Gibbons are apes in the family Hylobatidae. The family historically contained one genus and now is split into four genera and 18 species. White Handed Gibbons are known for their super cuddly appearance and distinctive singing, were once common in the forests of Thailand’s popular Phuket Island.
Due to the demand of the illegal pet trade and their use as photo props for tourist, these long armed cute creatures are endangered in the wild and need as much help as they can get.
Different species of Gibbon were once common in the forests of Thailand. They are an important part of the ecosystem and ensure the health and vitality of the rainforests in which they live as they are natural seed disperers. Therefore, their survival is important to the environment.
However, by the 1980s they were almost wiped out through poaching, often for the pet trade. Nowadays, numerous gibbons are being exploited as tourist attractions in Phuket and other popular tourist destinations, where they are used as photo probs for selfies and 'wild life' encounters. They are endangered because hunters can easily find them among forest from their unique sounds which can carry for long distances through the dense jungle. The on-going loss of their natural habitat due to rapid development in Phuket has also made it even harder for these apes to survive on their own. If left uncared for, unchecked and unprotected, hunting pressure and threats over their habitat could drive the local populations to extinction.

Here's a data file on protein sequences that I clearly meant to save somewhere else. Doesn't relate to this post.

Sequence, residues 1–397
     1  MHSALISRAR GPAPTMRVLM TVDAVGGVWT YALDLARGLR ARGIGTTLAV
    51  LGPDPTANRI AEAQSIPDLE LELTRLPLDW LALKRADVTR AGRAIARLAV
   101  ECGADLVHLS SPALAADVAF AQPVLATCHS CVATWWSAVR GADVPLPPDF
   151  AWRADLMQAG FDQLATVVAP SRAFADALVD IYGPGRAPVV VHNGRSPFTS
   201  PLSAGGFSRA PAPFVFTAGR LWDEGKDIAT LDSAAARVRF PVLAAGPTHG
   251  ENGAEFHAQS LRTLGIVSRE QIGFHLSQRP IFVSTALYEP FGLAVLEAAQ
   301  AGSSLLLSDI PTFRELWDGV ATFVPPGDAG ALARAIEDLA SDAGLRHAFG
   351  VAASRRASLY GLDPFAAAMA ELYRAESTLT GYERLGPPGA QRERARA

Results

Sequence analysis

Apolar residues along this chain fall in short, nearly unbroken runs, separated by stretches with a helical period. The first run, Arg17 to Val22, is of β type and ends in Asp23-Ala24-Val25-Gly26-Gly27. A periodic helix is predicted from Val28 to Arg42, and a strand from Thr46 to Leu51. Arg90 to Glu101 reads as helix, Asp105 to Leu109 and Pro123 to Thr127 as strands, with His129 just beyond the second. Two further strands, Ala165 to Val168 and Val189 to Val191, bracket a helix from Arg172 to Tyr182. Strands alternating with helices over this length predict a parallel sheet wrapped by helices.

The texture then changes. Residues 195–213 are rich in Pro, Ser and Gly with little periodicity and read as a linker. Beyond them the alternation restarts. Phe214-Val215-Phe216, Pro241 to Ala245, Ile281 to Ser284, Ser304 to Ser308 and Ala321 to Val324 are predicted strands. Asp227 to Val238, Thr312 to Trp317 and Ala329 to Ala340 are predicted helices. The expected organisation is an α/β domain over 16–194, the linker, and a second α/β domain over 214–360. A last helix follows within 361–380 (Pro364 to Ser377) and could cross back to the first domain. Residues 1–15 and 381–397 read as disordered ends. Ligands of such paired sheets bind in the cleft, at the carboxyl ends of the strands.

The WARF’s Gibbon Rehabilitation Project (GRP) has been working tirelessly for more than 20 years to save the remaining wild Gibbons on the island. Their work involves several active campaigns to stop poaching and educate travellers not to support these poaching activities unknowingly. Most travellers don't know that the lovely baby gibbons seen at markets, on the beach or at a busy tourist spot, have been ripped from their family unit and had its mother shot dead by poachers. It is very important to share this information with others and to stop Gibbons, as well as other animals like the Slow Loris, Parrots, Snakes, Owls, Otters etc being used as money making props that are discarded or killed when they are no longer suitable for the industry. #NotAPhotoProp
The GRP has also created well-organized rehabilitation programs which involve working with law enforcement officials to rescue the gibbons from unlawful possession and provide them with medical examinations and treatment. The centre also provides a sanctuary which allows them to recover from injuries, and slowly learn the behaviour of living naturally in the wild.
Thanks to the efforts of the center the old tropical forest around Bang Pae waterfall in Talang where they are located, has now become a No Hunting Zone too protecting many other local species.
Extensive monitoring of mental and physical behaviour must also been done to make sure that they are healthy and ready to be released into the forest and able to survive in their own family unit without any further human intervention.
Taking proper care of these apes is a mission which requires constant financial and technical support. Khiri Reach sponsors 2 Gibbons who can never be released due their mistreatment by humans and is working with the GRP to help get the support they very much need.
Our lovely Ambassador Khun Be sells and recycles trash in order to raise more funds needed to help this project as well.
Those wishing to help this organization can donate or adopt gibbons in GRP's care if they wish or volunteer at the GRP centre, for more info please contact; email@example.com.